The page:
Environmental Impact of Silk vs Vegan Silk

Traditional silk production has a pretty big impact on the environment because of its high use of water, energy, and chemicals. 

In contrast, vegan silk alternatives are generally more sustainable and eco-friendly because they require fewer resources to produce. For instance, bamboo silk is grown without the use of pesticides and requires less water. Eucalyptus silk is produced using a closed-loop process that recycles water and solvents, and this reduces both waste and pollution. And pine silk is made from a renewable resource and does not require the use of harmful chemicals. So, this tells us that in most cases, plant-based silk has a much lower environmental impact than regular silk. 

Is Peace Silk Vegan?

Peace silk is an alternative to traditional silk that does not involve actually killing silkworms.

Peace silk, also known as Ahimsa silk, is a type of silk that is made without killing the silkworm. Instead, the silk is collected after the silkworm leaves the cocoon. This makes it a more ethical option than traditional silk. However, since it still involves the use of an animal, it is not considered a vegan option.

Peace silk is less cruel

Is There Cruelty-Free Silk?

Peace silk or ahimsa silk is a type of silk that is considered more ethical than regular silk. It’s harvested from cocoons after the silkworm has come out naturally. While it’s still an animal product, the silkworms are not directly harmed in the process. So, while it’s not vegan, it could be considered cruelty-free but this still depends on how the silkworms are farmed I suppose.

What is the Difference Between Silk and Vegan Silk?

The main difference between traditional silk and vegan silk is the source of the fibres. 

Traditional silk comes from silkworms, while plant-based silk alternatives are usually made from plant fibres or fruit fibres. Alternatives are considered ethical and sustainable because they do not involve animal exploitation. Vegan silk alternatives can have a similar texture and feel to traditional silk but are usually more environmentally friendly.


In conclusion, Traditional silk may be controversial because of its use of animals and harm to the environment, but this problem can be solved because there are a variety of ethical and sustainable alternatives available.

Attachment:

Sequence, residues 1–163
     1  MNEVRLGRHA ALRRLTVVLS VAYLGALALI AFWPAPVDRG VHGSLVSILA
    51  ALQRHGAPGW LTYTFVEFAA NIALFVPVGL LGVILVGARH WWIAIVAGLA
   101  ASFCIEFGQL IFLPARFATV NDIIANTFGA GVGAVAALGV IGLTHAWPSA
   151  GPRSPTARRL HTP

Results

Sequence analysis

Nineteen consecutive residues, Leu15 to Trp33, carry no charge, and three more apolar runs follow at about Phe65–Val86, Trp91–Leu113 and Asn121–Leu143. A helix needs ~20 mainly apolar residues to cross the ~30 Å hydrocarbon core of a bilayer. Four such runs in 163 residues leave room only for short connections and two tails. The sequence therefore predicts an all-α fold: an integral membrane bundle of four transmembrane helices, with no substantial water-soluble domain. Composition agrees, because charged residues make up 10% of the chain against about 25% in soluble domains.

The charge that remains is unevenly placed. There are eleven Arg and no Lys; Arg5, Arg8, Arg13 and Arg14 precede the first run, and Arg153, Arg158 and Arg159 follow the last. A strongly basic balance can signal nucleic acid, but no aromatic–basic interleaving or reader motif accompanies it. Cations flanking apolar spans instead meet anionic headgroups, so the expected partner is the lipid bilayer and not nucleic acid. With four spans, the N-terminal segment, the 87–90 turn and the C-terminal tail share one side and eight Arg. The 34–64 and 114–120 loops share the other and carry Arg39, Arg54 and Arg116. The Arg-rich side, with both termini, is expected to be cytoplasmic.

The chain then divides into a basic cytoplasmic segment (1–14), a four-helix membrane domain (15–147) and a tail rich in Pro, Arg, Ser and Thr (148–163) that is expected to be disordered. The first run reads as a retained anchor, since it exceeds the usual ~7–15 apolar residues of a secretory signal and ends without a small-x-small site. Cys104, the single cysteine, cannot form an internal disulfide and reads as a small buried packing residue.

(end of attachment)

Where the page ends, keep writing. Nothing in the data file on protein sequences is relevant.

Vegan silk alternatives made from plant fibres or fruit fibres are completely vegan and cruelty-free, while peace silk is considered less cruel than traditional silk it’s still not vegan.

If we choose these cruelty-free options, we can enjoy the beauty and elegance of silk without causing harm to animals or the environment. Sounds like a win-win!

As consumers become more aware of the impact their choices make on the environment and animals, the demand for vegan silk alternatives is on the rise. With an incredible range of plant-based materials and innovative production techniques, the fashion industry can now offer sustainable and ethical options that rival traditional silk in terms of texture and appearance. 

By choosing vegan silk, we can support a more sustainable and compassionate fashion industry that benefits both people and the planet.

Looking for something interesting to read next? Take a look at my post – Support Sustainable Fashion. And look fabulous!

Meet the Author

Author Bio - Sinead OCarroll - The Wondering Wandering Vegan

Meet Sinead O’Carroll: Vegan explorer, sustainability advocate and the founder of The Wondering Wandering Vegan. Embracing veganism since 2018 and vegetarianism since 2005, Sinead is armed with a Vegan Health, Nutrition and Lifestyle qualification, and is on a mission to share her passion for cruelty-free living. 

With a taste for adventure and a heart for eco-conscious choices, she’s here to prove that vegans never miss out on flavour, fun or style. Join her in enjoying the delights of a vegan-friendly world! 🌱✈️🌍
Want to know more? Check out Sinead’s About page here.

Follow me on Instagram to see all the delicious vegan food I find, the vegan and cruelty-free products I use and what I get up to as a travelling vegan.